Hello! I'm Suzannah, a serious DIYer. Follow along with my DIY fixer upper house renovations, sewing and crafty projects, real food recipes, and de-stressing goals.
I co-host the Your Home Story podcast and believe you can love your home just the way it is, AND have the power to design and make big changes to make it better.
I'm also the author of DIY Wardrobe Makeovers!
Mom to Otto born April 2018 and Lucy born August 2020!

Sewing Circle: Simple tie-neck top dress, so cute!

I love this dress on Sewing Circle today.  So cute!  But let me start at the beginning.  Here's the question from Jennie via the Facebook page:

Q: There's a dress that I've been looking at for a while but unfortunately, it's no longer for sale on ModCloth.  Any patterns you know that are close to this?

A: That dress is super cute, and totally DIY-able! Luckily, pattern companies have finally started making tie-neck blouse patterns, so you actually have a couple choices. 

 With the flattering V-neck shape in mind, I’d recommend McCall’s M6512 for the top, and just cut it on the center fold of the fabric rather than giving it the button closure. 

 Colette Patterns also has a top pattern that could work—the Jasmine blouse (you’d have to cut the collar and ties wider to get the same look). 

With either pattern, don’t give the arms the band/cuff; instead, give the edges and teeeeny, tiny hem.

You won’t need to cut the blouse part as long as the patterns call for, of course—just cut it to your natural waist plus 1” or so for seam allowance plus elastic casing. Then, for the skirt, just cut some rectangles that are 2” or so longer than you want the skirt to be, and each (front and back) not quite as wide as your waist measurement. You’ll be gathering it a little before you sew it to the bodice, and you want it to be not quite two times as wide as your waist before it begins, but you do want it big enough to cover your hips. If this is too confusing, you could use a pattern like the skirts on one of those cute Simplicity Cynthia Rowley patterns—like 2497, 2718, or 2406.

The way the dress is constructed, you can just sew right sides together but stagger the skirt and bodice so that you have a 1” seam allowance on the bodice piece and a ½” seam allowance on the skirt. Then, press the wider seam allowance under 3/8” or so, and sew it down, creating a self-fabric casing on the inside of the dress. Does that make sense?? Leave 1-2” open at the center back so you can feed some narrow elastic through your casing. Ta-da! Done, and no zipper or tricky fastening!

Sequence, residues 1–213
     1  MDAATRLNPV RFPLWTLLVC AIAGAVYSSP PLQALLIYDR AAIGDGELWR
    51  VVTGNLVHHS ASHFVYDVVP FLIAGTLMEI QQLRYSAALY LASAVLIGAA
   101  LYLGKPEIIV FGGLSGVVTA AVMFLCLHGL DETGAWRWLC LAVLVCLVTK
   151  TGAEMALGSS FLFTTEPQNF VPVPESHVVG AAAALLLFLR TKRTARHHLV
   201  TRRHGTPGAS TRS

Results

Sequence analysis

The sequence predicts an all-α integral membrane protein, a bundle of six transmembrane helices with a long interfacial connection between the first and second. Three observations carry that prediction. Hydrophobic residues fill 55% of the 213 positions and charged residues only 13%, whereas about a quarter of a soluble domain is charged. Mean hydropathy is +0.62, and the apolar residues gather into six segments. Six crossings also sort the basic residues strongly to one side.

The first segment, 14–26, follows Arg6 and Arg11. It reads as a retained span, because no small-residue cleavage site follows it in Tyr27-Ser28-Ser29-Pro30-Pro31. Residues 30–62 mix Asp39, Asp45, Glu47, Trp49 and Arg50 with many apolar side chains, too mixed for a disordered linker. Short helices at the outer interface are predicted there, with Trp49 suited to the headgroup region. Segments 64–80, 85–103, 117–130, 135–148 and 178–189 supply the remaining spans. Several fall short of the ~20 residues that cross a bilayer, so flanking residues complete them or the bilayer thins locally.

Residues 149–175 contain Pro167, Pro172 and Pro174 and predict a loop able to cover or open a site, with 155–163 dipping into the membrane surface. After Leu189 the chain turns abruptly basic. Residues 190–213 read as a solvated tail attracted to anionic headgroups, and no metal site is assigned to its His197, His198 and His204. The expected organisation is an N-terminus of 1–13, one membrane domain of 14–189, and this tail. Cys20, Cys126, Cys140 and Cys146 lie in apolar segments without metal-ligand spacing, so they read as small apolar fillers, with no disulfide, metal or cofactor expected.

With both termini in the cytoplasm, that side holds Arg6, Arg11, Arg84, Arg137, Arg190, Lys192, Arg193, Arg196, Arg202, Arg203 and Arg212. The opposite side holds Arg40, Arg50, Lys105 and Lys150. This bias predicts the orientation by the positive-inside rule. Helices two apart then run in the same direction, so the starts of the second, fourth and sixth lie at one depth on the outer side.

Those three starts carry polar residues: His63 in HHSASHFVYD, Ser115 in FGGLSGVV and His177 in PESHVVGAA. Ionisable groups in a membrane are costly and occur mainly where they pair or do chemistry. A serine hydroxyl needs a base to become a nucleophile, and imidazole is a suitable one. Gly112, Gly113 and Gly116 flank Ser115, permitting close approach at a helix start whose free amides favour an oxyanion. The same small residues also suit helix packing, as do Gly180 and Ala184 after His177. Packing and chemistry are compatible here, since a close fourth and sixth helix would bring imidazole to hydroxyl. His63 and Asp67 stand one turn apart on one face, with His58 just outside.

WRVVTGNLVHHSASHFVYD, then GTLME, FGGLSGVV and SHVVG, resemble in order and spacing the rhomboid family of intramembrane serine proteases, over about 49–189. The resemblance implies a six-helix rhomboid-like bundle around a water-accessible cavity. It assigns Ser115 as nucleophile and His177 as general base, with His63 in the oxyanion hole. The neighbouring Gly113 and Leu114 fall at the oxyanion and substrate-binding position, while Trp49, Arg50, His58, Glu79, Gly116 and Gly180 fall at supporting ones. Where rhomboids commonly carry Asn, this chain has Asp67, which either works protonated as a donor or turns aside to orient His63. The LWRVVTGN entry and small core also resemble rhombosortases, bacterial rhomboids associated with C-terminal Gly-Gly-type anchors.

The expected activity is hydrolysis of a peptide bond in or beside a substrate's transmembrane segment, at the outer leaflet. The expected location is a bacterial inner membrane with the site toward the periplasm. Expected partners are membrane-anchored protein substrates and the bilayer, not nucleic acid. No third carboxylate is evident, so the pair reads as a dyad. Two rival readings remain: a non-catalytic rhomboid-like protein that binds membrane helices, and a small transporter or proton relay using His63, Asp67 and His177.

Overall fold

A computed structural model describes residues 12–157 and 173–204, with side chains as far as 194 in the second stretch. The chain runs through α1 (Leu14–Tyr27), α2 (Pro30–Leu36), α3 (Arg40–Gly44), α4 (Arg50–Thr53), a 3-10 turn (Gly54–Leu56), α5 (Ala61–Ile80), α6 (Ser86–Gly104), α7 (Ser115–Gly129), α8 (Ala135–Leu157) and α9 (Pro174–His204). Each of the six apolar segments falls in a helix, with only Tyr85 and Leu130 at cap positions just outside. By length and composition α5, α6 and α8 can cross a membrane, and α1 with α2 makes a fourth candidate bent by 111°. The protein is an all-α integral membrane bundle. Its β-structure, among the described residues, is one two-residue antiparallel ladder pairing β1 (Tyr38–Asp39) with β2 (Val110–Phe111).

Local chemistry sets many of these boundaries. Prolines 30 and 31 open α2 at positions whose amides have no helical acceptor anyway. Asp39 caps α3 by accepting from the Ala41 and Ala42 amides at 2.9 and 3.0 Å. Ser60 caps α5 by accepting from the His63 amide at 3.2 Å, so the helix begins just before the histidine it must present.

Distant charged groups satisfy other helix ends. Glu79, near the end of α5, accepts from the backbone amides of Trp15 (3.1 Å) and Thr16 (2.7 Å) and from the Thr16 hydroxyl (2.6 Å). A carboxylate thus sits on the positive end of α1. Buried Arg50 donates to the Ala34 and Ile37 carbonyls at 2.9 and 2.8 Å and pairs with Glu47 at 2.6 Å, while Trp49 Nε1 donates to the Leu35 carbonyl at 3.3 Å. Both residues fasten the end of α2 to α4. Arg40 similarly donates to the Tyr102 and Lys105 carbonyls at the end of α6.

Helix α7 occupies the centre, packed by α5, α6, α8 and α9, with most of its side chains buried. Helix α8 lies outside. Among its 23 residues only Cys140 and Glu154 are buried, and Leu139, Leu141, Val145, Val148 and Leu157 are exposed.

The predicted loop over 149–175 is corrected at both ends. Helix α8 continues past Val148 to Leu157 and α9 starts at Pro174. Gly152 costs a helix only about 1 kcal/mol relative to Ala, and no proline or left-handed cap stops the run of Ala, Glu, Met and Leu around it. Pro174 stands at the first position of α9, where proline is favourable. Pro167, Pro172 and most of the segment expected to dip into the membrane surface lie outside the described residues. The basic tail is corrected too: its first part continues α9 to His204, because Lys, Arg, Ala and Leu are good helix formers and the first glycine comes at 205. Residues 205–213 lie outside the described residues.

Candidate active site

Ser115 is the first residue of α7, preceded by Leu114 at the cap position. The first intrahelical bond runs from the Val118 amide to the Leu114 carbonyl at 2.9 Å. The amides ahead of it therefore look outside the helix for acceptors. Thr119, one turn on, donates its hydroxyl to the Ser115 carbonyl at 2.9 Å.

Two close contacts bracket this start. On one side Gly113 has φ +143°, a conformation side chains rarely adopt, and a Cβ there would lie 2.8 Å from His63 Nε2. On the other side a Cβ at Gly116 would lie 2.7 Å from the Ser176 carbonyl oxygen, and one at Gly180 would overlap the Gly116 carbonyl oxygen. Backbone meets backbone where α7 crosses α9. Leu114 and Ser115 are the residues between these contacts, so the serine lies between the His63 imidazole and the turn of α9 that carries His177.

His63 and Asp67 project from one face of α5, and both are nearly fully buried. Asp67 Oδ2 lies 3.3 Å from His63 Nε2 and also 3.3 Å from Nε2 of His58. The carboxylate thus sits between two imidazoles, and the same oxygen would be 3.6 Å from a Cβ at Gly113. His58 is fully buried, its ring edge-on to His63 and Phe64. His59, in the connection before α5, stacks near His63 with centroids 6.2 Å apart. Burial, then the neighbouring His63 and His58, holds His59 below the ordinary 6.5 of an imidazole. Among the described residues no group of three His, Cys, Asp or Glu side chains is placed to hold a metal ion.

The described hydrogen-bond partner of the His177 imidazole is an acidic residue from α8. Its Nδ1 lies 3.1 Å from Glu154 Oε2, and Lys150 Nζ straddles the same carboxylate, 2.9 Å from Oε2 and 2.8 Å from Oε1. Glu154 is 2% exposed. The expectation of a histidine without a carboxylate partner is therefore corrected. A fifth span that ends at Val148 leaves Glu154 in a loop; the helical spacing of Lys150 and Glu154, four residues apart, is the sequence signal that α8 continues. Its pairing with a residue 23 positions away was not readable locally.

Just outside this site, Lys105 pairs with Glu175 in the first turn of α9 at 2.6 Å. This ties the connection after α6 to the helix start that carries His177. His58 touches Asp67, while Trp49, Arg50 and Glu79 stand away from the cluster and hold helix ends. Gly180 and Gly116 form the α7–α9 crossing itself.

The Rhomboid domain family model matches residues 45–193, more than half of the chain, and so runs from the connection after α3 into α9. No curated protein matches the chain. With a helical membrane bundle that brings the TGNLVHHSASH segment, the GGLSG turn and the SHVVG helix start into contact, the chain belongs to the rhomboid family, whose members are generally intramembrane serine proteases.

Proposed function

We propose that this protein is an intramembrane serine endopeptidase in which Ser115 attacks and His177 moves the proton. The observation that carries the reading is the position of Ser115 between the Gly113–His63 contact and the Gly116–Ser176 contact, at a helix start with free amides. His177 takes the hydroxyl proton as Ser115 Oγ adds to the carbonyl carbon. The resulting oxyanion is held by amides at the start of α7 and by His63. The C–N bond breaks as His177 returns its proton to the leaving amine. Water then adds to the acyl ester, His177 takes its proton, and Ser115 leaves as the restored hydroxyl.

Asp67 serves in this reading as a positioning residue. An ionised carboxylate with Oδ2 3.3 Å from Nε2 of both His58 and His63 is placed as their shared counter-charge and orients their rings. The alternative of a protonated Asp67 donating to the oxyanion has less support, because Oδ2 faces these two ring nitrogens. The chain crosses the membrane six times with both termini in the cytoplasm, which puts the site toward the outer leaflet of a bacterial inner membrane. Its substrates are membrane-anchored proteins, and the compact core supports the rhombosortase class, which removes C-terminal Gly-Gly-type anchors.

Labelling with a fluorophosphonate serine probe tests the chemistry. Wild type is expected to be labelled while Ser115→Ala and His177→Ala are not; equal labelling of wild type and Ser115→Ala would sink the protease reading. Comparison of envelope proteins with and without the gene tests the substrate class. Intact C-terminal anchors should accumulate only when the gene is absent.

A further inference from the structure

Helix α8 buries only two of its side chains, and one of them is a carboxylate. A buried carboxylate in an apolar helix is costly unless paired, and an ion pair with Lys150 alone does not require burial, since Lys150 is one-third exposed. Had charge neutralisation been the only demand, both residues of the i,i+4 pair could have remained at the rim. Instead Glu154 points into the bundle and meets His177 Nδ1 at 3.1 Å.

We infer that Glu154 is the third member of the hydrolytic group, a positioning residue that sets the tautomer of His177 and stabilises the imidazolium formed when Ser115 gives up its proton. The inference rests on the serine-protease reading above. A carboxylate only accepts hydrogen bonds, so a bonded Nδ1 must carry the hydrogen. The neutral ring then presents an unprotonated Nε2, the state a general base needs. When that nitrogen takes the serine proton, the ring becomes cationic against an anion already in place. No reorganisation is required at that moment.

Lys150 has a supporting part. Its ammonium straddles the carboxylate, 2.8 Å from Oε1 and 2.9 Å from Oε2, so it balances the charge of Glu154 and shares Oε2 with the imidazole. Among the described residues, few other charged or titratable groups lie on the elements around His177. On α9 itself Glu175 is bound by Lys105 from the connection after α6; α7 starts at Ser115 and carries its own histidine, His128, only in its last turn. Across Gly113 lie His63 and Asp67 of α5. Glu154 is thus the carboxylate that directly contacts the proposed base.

The other way to do this is even easier, but I’m betting would be less cute and would probably only work if you have very slim hips. You can just extend the length of the blouse to dress length, and then add a casing on the inside (just a strip of fabric with both edges turned under ½”) at the natural waist. Kind of like this BurdaStyle pattern. Then, the skirt will be less full. But it’s super easy.

What would you say, readers?  Have you seen the perfect pattern, or have you made a dress like this before??


  1. Hi! I have a question. I have the Colette pattern, and it's cut on the bias to eliminate the need for closures. Does that matter? Could you still do the DIY dress the same way you suggest, or would you need to cut it on the grain?

    1. Hi! Hmmm, good question... I would think the dress would work either way, although I would cut it on the grain if it were me--would make the skirt easier, I think, laying flat. It looks like it fits loosely enough that you won't need a closure even if you cut it on the grain! Maybe just give the waist less shaping/definition.

  2. You drew me back in! (@SwoodsonSays). Re-subscribed, and wanted to chime in with a few patterns I found on Etsy that might fit the bill (only one is from my shop, which I marked with a disclaimer!! and put last!)

    also this blog post looks like that dress!

    (disclaimer, mine from my shop!)

    1. Glad to have you back! Those vintage patterns are super cute--so glad tie necks are back in and we can use vintage goodies to get the look. Might be fun to have more darts/shaping like those do!

      And that blog post dress is SO similar! Can't find her original pattern from BurdaStyle, though...


  3. I can't find it either.. these two are similar but definitely not the same:

  4. I know this is months later, but I just came across the absolute perfect pattern, you would just have to draft the sleeves:

    1. Awesome, thanks for the tip! That one looks perfect!




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